More on calculating probabilitiesThis is an elementary but popular fallacy about probability theory. If two independent events each have a known probability such as one-thousandth, the chance of their both occurring together is indeed obtained by multiplying the two probabilities giving in the example one-millionth. But they must be independent: the chance of one cannot be altered by tampering with that of the other – such as ensuring its certainty.
This multiplication rule is one of the two great pillars of probability theory. The other, the addition rule, says that given two mutually exclusive events (such as rolling a one or two with a dice – both cannot be rolled), then the chance of either occurring is the sum of their probabilities. In this case each has a 1/6 probability, so if either one or two wins, the chance of success is 1/6 = 1/6 = 1/3.
These two rules, carefully used, can solve most problems of probability. They rest on a subtle sort of probabilistic "atomic theory" that takes any chance event as being compounded from a set of basic "equiprobable events". By calculating what combination of these will result in the desired chance coming up, its probability is obtained. But the notion requires subtle handling. Many misleading arguments depend on a deceptive choice of basic equiprobabilities. What is the chance of there being monkeys on Mars, for example? Either there are or are not – and it could be argued that, since nobody has yet been to Mars, these mutually exclusive situations are equally probable. Then each has half a chance of truth and there is a 50 per cent chance that there are monkeys on Mars.
More subtly, what is the chance of getting one head and one tail on two tosses of a coin? It might be reasoned that there are only three basic probabilities: two heads, head and tail, and two tails. Only one of these is favourable, so the chance is 1/3. But this is not so. There are actually four "atomic" equiprobabilities: HH, HT, TH and TT (where H stands for heads and T stands for tails), of which two are favourable. The chance is 2/4, or one half.
The chances of successIn mathematical notation, chances vary from 0 (impossible) to 1 (certain). If there are 7 equiprobable possibilities, and 2 of them will result in success, the chance of success is 2 in 7, or 2/7, or 0.2857. This can also be expressed as 28.57 per cent, or in betting parlance 2 to 5 on, or 5 to 2 against. Such figures make most intuitive sense when applied to situations that can occur many times. In a run of 7,000 trials each with a 2/7 chance of success, about 2,000 successes would be expected. A gambler would break even in the long run by accepting odds of 7 to 2 (that is $7 return for a $2 stake). Where the basic equiprobable events are clear and knowable (as in the fall of coins, dice or cards), probability theory can give unambiguous chances of success for any outcome. All casinos and gambling houses use this principle to set fixed odds that give them a small advantage.
In sports and business assessments, odds are subjective and different people guess them differently. By betting on the favorite in a horse-race with a number of unproven "outsiders", however, the gambler's chances of winning are demonstrably better. If one of the horses is known to be doped, or a rival's business strategy is known, it is possible to place investments with better-than-average insight. This is the province of game theory - the theory of competing for gains against opponents who possess assumed aims and knowledge.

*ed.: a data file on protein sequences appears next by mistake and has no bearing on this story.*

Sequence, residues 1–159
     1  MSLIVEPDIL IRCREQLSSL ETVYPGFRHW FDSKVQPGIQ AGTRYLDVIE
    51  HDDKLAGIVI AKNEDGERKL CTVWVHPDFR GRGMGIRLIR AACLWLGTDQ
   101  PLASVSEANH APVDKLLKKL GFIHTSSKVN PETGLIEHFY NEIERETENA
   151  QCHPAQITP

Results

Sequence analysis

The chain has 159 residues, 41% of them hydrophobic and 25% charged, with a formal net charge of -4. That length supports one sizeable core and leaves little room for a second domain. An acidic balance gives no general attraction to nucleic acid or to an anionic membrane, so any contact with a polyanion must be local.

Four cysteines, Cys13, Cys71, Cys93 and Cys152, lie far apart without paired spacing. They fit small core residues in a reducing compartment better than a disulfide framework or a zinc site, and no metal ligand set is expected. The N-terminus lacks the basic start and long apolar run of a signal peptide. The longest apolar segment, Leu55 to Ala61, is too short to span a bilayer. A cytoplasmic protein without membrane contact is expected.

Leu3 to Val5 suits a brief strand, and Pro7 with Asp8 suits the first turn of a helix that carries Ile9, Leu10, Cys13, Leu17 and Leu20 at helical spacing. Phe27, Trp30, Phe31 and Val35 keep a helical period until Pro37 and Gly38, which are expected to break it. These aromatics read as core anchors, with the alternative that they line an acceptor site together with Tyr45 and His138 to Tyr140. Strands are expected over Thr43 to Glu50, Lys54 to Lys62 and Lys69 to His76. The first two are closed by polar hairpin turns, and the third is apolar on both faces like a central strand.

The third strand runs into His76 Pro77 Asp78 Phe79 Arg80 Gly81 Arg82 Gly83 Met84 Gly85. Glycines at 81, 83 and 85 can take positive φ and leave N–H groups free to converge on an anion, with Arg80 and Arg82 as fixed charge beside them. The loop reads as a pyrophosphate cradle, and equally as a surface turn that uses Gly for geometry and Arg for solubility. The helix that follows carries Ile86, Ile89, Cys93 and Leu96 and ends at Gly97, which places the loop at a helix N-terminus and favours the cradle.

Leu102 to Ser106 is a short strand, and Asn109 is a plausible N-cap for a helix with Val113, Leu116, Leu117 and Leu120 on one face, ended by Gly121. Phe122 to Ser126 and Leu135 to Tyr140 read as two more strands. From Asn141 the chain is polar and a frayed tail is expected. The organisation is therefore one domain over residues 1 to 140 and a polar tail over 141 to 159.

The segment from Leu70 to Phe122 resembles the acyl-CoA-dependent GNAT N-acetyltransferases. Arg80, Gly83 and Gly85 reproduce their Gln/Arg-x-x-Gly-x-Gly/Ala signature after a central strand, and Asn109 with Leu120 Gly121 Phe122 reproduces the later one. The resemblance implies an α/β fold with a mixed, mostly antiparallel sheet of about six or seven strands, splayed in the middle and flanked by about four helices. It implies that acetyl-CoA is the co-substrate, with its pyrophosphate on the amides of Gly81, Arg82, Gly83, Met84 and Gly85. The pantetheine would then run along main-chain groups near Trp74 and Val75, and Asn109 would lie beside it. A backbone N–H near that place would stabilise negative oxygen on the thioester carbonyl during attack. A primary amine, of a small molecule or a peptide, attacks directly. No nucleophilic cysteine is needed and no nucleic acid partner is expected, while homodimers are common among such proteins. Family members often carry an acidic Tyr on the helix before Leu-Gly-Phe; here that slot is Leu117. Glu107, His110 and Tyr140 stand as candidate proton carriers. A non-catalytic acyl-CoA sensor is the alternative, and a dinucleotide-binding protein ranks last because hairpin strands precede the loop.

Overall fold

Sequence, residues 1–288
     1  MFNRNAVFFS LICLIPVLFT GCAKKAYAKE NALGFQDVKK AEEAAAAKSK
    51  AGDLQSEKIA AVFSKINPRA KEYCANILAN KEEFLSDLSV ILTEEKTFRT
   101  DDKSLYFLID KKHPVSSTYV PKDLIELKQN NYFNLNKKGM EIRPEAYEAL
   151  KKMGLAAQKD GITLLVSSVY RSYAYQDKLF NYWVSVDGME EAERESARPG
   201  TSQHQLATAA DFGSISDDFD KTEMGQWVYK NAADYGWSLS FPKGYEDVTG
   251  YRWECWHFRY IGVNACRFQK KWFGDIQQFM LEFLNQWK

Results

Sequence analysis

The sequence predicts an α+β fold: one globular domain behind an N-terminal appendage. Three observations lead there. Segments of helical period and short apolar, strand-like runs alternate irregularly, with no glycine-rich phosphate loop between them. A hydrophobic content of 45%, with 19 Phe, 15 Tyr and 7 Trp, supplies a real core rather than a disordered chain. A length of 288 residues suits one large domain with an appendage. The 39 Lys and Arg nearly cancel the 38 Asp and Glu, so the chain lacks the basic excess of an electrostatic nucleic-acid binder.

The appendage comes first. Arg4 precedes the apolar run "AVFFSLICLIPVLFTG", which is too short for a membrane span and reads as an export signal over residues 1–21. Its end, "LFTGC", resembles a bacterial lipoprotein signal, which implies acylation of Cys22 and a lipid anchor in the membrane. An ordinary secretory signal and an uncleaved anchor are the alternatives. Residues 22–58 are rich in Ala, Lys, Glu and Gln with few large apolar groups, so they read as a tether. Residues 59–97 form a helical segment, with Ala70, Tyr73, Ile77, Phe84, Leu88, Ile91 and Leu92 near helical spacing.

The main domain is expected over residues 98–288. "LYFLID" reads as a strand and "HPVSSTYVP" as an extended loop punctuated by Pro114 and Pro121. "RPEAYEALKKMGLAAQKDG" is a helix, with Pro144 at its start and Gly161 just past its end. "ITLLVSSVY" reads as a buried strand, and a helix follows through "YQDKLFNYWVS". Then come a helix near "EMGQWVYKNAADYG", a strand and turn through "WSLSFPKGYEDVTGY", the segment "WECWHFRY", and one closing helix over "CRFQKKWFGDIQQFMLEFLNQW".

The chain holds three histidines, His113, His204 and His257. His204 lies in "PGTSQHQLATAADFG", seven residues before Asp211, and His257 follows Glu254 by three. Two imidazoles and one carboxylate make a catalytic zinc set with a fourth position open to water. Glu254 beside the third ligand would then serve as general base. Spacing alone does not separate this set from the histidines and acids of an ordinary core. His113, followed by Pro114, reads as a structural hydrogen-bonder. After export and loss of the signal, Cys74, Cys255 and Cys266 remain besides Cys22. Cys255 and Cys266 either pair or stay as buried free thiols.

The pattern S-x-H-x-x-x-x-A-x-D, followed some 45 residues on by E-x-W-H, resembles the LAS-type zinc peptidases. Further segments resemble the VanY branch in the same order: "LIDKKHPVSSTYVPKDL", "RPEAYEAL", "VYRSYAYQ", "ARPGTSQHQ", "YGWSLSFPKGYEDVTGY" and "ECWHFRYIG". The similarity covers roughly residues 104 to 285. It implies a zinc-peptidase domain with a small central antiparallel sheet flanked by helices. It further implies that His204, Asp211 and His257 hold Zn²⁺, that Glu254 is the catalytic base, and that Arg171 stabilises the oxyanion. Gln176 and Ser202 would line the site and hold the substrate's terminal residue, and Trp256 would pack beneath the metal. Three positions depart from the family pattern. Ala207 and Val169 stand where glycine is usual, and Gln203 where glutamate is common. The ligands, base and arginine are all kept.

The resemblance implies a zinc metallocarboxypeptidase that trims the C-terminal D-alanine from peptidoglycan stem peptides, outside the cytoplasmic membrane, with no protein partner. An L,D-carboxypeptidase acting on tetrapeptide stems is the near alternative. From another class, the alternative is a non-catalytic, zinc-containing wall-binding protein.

In the child's game of button-button a button is hidden in one hand and the opponent has to guess which. He wins a penny if he is correct and loses one if he is wrong. What is the best strategy for the holder? If the same hand is always played, or hands are switched regularly, the opponent will soon outguess the holder. Game theory proves that the best strategy is to decide the switch at random, for example by tossing a coin before each round. This is entirely foolproof; even if the opponent discovers the strategy he cannot win more than he loses in the long run. But if two pennies are lost for a right-hand disclosure and only one penny for a left-hand one, the opponent could then win steadily by always choosing the right hand, and making on average bigger gains than losses. For this modification, game theory prescribes for the holder "weighted random switch" of 2:1 towards the left – say by tossing a die and playing to the right on 1 and 2, but to the left on 3, 4, 5 and 6.
Permutations and combinations
6/6 × 5/6 × 4/6 × 3/6 × 2/6 × 1/66or 6!/66 (see factorial) – 1/65. Clearly one is more likely to succeed with a desired combination than with a permutation.
Applications of probabilityProbability theory is plainly intimately linked with statistics. More advanced probability theory has contributed vital understandings in many fields of physics, as in thermodynamics, behavior of particles in a colloid (see Brownian motion), or molecules in a gas, and atomic physics.
In real-life conflicts such as war and business, game theory is often used for clarifying options, but seldom slavishly followed. If two people make an agreement, for example, game theory recommends to each that he double-crosses the other, for he will gain more if the other is honest. And in a world of unique events that either happen or do not, the whole concept of probability needs careful handling. Be warned by Peter Sellers parody of a politician, who "does not consider present conditions likely".
Related category PROBABILITY AND STATISTICS
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